Hi all – The spec uses a middle dot character (U+00B7) to represent a blank space (U+0020). For reasons I don’t understand, this middle dot is nearly invisible on my system, and presumably others’ systems. See screenshot at bottom of this post.
I’ve tried it in Chrome 49, Edge 25.1xx, and Firefox 45, and with Inconsolata, Linux Libertine Mono, Liberation Mono, and Adobe’s Source Code Pro to no avail – the fonts seem to make no difference. (The spec page doesn’t specify a font for the code blocks – it just specifies a monospace type, which means the browser will use whichever monospace font the user has specified in the browser font settings. Note that Edge doesn’t have font settings yet, so all the fonts I tried were in Chrome and Firefox – I don’t know what font Edge is using for monospace.)
The screenshot is from Firefox. This issue is related to this thread about how to represent spaces, and the thread I opened yesterday on clearly explaining in the spec how whitespace characters are represented. For what it’s worth, I had no idea that the middle dots represented spaces when I first read the spec, or that the unblocked arrow meant TAB. Text is massively superior to graphical symbols for such purposes, and friendlier to people from other cultures, countries, etc. (there’s no way to translate a symbol, and they’re difficult to google.)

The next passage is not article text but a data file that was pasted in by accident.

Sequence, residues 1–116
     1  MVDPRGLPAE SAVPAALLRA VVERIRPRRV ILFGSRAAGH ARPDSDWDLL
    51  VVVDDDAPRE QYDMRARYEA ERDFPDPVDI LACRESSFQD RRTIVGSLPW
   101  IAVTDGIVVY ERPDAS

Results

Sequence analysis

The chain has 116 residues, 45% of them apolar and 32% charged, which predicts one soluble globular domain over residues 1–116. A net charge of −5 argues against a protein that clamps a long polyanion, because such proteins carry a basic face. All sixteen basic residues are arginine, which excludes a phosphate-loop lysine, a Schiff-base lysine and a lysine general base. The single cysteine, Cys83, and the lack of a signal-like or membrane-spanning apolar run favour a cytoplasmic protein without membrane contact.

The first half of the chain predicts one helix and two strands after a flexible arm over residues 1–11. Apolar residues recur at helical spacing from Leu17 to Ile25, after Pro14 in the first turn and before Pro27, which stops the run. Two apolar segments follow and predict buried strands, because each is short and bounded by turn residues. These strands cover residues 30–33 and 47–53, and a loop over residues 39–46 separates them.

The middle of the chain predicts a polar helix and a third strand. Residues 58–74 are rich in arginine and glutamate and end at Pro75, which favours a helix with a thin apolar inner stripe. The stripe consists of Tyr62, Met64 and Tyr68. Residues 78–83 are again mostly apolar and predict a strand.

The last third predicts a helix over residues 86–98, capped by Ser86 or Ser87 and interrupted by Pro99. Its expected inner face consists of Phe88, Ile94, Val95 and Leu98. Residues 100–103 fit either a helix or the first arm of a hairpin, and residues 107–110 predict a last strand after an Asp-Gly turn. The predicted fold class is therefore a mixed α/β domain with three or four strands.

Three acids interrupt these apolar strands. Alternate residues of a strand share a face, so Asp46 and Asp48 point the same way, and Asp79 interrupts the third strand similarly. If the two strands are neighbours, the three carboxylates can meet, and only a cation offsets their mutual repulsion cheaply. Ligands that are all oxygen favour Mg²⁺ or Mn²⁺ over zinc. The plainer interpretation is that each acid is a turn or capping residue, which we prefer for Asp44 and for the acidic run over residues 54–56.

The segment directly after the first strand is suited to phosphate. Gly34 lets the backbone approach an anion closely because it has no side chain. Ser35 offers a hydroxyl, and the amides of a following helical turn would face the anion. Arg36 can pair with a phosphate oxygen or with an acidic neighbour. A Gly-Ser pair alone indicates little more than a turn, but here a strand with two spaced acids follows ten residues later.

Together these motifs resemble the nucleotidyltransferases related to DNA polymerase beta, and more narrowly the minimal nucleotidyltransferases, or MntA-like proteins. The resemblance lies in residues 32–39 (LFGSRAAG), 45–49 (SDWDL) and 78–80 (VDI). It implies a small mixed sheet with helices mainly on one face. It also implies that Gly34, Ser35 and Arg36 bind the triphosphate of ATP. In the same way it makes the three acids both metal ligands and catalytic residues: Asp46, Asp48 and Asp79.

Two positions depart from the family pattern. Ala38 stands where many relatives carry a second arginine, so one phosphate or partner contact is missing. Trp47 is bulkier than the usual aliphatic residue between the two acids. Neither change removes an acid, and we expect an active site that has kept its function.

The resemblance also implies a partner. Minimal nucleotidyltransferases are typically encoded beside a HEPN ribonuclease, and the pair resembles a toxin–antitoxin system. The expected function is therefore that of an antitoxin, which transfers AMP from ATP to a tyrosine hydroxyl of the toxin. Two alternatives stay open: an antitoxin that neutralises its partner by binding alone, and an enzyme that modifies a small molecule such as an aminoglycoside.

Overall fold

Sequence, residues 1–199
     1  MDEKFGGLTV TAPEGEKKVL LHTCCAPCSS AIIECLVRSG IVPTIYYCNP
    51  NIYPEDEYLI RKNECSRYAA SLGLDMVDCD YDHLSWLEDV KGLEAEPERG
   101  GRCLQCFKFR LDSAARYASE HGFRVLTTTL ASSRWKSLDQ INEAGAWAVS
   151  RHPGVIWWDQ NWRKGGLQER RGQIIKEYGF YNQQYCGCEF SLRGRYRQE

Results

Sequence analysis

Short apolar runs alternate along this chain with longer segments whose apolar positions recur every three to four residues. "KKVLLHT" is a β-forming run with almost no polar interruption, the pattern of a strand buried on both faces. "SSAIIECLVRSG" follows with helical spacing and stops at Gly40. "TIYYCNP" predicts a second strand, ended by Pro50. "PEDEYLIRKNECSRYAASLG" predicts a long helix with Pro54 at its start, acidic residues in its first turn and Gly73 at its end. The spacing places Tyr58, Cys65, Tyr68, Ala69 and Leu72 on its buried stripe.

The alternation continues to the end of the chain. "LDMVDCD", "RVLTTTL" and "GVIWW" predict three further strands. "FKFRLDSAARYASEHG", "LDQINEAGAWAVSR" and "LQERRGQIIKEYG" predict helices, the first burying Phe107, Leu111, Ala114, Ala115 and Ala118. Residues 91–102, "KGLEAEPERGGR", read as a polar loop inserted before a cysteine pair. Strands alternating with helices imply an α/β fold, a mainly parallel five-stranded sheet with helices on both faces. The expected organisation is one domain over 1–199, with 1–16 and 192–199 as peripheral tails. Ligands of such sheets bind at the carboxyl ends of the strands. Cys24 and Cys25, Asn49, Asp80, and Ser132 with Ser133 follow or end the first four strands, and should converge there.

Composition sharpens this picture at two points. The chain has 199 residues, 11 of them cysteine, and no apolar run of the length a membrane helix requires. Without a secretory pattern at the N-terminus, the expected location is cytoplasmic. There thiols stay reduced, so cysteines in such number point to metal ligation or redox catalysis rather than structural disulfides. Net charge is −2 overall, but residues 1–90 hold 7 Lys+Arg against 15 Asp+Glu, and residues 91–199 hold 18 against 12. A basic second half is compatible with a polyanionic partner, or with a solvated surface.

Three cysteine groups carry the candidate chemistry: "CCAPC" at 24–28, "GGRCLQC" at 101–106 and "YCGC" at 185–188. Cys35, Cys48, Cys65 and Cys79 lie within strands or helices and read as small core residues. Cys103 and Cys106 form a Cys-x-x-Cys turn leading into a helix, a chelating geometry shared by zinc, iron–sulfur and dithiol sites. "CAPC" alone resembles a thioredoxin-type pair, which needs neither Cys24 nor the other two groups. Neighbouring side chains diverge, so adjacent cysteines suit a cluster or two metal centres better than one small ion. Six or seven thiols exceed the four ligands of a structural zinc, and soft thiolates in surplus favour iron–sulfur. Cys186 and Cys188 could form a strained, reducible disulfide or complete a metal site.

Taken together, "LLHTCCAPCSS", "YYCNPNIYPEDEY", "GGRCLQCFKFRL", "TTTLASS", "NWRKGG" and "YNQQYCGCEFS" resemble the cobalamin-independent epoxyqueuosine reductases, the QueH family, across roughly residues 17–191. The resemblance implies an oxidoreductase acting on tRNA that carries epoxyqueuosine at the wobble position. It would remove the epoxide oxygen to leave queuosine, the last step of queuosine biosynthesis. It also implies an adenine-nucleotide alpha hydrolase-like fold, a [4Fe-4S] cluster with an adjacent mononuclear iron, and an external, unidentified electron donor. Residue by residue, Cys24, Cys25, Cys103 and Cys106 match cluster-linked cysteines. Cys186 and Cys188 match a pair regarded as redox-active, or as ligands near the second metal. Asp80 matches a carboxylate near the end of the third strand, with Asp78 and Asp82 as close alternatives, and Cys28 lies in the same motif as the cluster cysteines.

If you’re having trouble seeing them, there are four middle dots at the start of the lines below.
It’s meant to be nearly invisible: the idea is that it should still look like a space, but it should be possible for readers to count how many spaces there are.
Note also that if you copy/paste from the code samples, you get actual spaces, which is also desirable. The dot is inserted with CSS.
Perhaps we could use a bigger dot? Or specify a particular font?
Text is massively superior to graphical symbols for such purposes, and friendlier to people from other cultures, countries, etc.
Are you suggesting we use
and so on?
It occurs to me that maybe we should use CSS for the tabs, too, to preserve cut-and-pasteability.
Ah, that explains why I had trouble identifying which Unicode middle dot character it was (there are several, bullet operator, etc.) I was pasting a blank space without realizing it.
No, I’m not suggesting something like
<TAB>. Angle brackets in the examples would be confusing since they look like HTML/XML markup.
Is there a standard for how characters or keys are described textually? I think square brackets might be in use in various settings. Another option is to use the
code backticks, like we see in the Atom text editor Flight Manual. Basically, I think the way people normally express something like
CTRL-ALT-DELETE is the way to go, so
TAB might work, or [SPACE] and [TAB] (or
I think the existing system is much better than using
[SPACE], because it preserves the vertical alignment (spaces take one space).
What about using ˽ for spaces? U+02FD
I also use the pilcrow sign ¶ for explicitly showing new lines? U+00B6
Below is the output from my testing environment for CommonMark showing the input, expected output and actual output from my implementation.
PASS Test 614 Soft line breaks
===================================== Markdown Input
===================================== Expected Output
===================================== Actual Output